Soccer fans in England face bans over field invasions
LONDON (AP) — Soccer fans who run onto the field or use objects like smoke bombs and pyrotechnics at matches in England will receive an automatic ban from clubs under new measures announced Monday to tackle increased anti-social behavior.
Concerns were raised about safety issues inside stadiums following a series of incidents which marred the end of last season in the Premier League and lower leagues.
Among them, Crystal Palace manager Patrick Vieira kicked out at an Everton fan who was taunting him during a field invasion at Goodison Park and Sheffield United captain Billy Sharp was headbutted in the face by a Nottingham Forest fan at the end of a playoff game in the second-tier Championship. The Forest fan was given a 24-week prison sentence.
“The rise in anti-social behavior that we saw in stadiums at the end of last season was entirely unacceptable and put people’s safety at risk,” said Mark Bullingham, chief executive of the Football Association.
“Together, English football has introduced new measures and stronger sanctions to send out a clear message that we will not tolerate this type of illegal and dangerous behavior.”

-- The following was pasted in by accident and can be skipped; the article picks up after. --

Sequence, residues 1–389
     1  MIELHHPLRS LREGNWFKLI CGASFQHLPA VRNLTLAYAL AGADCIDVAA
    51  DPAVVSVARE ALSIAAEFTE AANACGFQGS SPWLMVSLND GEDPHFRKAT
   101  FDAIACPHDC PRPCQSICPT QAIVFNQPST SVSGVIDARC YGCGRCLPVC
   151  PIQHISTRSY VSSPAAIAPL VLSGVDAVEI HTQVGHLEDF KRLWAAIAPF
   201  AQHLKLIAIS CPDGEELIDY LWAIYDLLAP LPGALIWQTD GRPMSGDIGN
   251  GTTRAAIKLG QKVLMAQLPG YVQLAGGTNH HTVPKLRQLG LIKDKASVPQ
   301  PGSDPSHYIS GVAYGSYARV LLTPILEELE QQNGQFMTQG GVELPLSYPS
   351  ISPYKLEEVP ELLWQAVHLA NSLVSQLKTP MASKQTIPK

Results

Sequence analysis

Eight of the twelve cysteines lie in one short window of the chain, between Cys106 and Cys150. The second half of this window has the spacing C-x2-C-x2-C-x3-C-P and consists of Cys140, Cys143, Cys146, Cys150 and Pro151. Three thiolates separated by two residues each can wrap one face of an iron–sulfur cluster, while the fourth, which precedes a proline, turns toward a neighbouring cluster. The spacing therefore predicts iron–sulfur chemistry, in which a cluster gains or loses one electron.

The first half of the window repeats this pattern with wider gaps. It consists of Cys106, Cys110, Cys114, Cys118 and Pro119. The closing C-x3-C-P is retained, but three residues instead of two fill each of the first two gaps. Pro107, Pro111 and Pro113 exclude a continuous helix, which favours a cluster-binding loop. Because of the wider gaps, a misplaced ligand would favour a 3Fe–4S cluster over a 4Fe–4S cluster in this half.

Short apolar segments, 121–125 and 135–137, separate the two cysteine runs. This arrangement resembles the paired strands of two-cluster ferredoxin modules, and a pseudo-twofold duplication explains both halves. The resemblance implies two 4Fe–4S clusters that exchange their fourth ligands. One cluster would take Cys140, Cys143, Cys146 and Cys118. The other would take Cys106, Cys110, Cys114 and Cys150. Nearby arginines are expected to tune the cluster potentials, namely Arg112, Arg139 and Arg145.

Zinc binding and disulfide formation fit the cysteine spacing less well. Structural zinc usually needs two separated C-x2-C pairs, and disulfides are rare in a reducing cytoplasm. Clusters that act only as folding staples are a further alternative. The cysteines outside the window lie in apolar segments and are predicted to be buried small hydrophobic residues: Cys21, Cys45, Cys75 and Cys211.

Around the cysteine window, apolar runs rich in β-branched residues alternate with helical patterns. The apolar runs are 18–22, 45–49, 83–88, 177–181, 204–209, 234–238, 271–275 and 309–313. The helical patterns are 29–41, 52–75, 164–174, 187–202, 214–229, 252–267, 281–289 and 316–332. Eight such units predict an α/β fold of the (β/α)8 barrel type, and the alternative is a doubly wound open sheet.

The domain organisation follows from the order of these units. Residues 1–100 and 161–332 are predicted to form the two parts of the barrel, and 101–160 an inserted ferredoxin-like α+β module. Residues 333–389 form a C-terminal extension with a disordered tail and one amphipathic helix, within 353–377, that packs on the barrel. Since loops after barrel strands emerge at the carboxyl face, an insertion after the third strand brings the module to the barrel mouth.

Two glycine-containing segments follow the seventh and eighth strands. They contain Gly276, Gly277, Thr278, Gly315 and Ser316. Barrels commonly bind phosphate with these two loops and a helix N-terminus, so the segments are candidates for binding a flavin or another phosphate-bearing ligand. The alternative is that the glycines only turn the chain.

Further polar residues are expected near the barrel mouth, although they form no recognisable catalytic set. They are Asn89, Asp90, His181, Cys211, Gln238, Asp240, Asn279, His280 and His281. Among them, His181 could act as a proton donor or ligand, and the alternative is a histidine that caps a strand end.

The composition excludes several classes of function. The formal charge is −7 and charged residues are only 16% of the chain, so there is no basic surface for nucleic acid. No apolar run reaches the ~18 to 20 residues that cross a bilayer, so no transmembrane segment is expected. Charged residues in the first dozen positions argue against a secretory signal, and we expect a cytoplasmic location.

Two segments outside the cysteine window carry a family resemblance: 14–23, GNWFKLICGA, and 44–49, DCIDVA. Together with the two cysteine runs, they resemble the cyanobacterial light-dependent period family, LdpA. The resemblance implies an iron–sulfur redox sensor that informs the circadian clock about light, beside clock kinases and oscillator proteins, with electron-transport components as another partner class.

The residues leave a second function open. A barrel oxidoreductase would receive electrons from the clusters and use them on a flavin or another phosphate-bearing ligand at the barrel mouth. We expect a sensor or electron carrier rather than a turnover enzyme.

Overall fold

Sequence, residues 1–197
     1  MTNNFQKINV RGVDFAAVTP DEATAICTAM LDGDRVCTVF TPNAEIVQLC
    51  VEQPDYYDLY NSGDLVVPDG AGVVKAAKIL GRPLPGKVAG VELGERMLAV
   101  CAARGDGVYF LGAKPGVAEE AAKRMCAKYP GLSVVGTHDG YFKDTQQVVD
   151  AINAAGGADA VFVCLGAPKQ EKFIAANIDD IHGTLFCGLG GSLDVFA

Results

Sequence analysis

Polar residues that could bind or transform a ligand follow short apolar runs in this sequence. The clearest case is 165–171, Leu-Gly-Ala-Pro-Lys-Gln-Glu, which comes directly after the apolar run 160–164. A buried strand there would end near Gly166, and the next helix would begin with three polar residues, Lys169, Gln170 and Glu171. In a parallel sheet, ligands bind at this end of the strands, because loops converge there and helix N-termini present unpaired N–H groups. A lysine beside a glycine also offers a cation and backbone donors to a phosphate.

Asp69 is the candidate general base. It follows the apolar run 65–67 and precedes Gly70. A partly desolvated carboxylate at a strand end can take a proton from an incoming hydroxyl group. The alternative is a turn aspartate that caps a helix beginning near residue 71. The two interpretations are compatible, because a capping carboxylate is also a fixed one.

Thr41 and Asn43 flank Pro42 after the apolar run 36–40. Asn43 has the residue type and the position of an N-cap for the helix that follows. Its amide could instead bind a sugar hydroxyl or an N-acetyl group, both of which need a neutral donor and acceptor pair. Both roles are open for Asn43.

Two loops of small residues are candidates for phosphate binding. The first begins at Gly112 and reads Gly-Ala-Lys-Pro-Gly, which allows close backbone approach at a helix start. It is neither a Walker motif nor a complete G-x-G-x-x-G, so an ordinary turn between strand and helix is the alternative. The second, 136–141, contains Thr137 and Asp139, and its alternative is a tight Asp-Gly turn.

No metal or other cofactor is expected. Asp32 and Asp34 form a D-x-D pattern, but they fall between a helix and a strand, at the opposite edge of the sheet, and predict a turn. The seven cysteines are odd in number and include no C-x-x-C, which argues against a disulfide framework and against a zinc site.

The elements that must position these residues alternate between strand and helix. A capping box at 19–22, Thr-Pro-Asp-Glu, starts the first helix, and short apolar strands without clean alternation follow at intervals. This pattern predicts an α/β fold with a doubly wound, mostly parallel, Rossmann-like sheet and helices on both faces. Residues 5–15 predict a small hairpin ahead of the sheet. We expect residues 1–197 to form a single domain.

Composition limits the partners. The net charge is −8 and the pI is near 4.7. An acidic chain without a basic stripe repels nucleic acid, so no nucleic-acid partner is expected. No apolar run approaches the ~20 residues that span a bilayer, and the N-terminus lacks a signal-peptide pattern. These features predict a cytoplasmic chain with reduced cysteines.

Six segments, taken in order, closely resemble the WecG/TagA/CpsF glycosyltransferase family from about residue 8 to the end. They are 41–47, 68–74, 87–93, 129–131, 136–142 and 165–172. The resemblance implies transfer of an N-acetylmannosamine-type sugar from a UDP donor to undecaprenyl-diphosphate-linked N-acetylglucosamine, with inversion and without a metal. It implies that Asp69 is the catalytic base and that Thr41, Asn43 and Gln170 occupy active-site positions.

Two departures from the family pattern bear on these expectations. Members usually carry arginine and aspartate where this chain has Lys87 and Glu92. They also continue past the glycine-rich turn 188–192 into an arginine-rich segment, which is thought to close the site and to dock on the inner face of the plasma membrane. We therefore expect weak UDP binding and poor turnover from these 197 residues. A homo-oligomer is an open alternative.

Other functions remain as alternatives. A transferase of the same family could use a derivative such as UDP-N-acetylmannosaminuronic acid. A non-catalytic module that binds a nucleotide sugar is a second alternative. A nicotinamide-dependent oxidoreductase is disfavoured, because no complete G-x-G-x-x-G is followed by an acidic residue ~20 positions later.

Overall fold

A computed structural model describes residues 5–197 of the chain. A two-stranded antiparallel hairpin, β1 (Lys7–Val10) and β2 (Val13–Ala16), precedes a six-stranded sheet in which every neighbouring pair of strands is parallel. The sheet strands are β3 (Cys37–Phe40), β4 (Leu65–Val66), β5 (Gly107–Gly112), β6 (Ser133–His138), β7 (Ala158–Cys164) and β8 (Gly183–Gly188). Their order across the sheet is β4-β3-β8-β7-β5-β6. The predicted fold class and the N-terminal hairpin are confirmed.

The FA did not specify how long any bans would be.
The Football Supporters’ Association has backed the new measures which will come into force in time for the start of the 2022-23 season.
The bans could be extended to accompanying parents or guardians of children who take part in the field invasions, the FA said.
The governing body said it will also be enforcing a tougher charging and sanctioning policy for clubs in order to reinforce the measures.
Other measures to be implemented include improved searching of individuals entering grounds, increased use of sniffer dogs, and working with social media platforms to quickly remove fan videos of illegal behavior.
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